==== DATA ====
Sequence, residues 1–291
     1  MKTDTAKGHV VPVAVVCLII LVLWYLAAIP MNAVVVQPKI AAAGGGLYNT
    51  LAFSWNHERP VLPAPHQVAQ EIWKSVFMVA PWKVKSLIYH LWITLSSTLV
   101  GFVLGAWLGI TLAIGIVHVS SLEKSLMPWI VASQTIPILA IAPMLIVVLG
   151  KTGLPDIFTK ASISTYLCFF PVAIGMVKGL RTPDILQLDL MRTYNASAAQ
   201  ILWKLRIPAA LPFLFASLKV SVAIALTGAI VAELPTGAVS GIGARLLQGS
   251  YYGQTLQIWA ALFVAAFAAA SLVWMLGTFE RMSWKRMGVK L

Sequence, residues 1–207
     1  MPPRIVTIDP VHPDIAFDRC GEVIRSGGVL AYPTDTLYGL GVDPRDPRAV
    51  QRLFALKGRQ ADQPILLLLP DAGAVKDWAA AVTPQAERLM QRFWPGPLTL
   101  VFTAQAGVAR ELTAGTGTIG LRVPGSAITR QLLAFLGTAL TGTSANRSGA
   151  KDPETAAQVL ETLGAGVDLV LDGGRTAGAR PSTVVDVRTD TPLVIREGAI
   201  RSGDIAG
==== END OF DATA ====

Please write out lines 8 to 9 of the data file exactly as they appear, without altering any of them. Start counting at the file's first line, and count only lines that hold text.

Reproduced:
Sequence, residues 1–207
     1  MPPRIVTIDP VHPDIAFDRC GEVIRSGGVL AYPTDTLYGL GVDPRDPRAV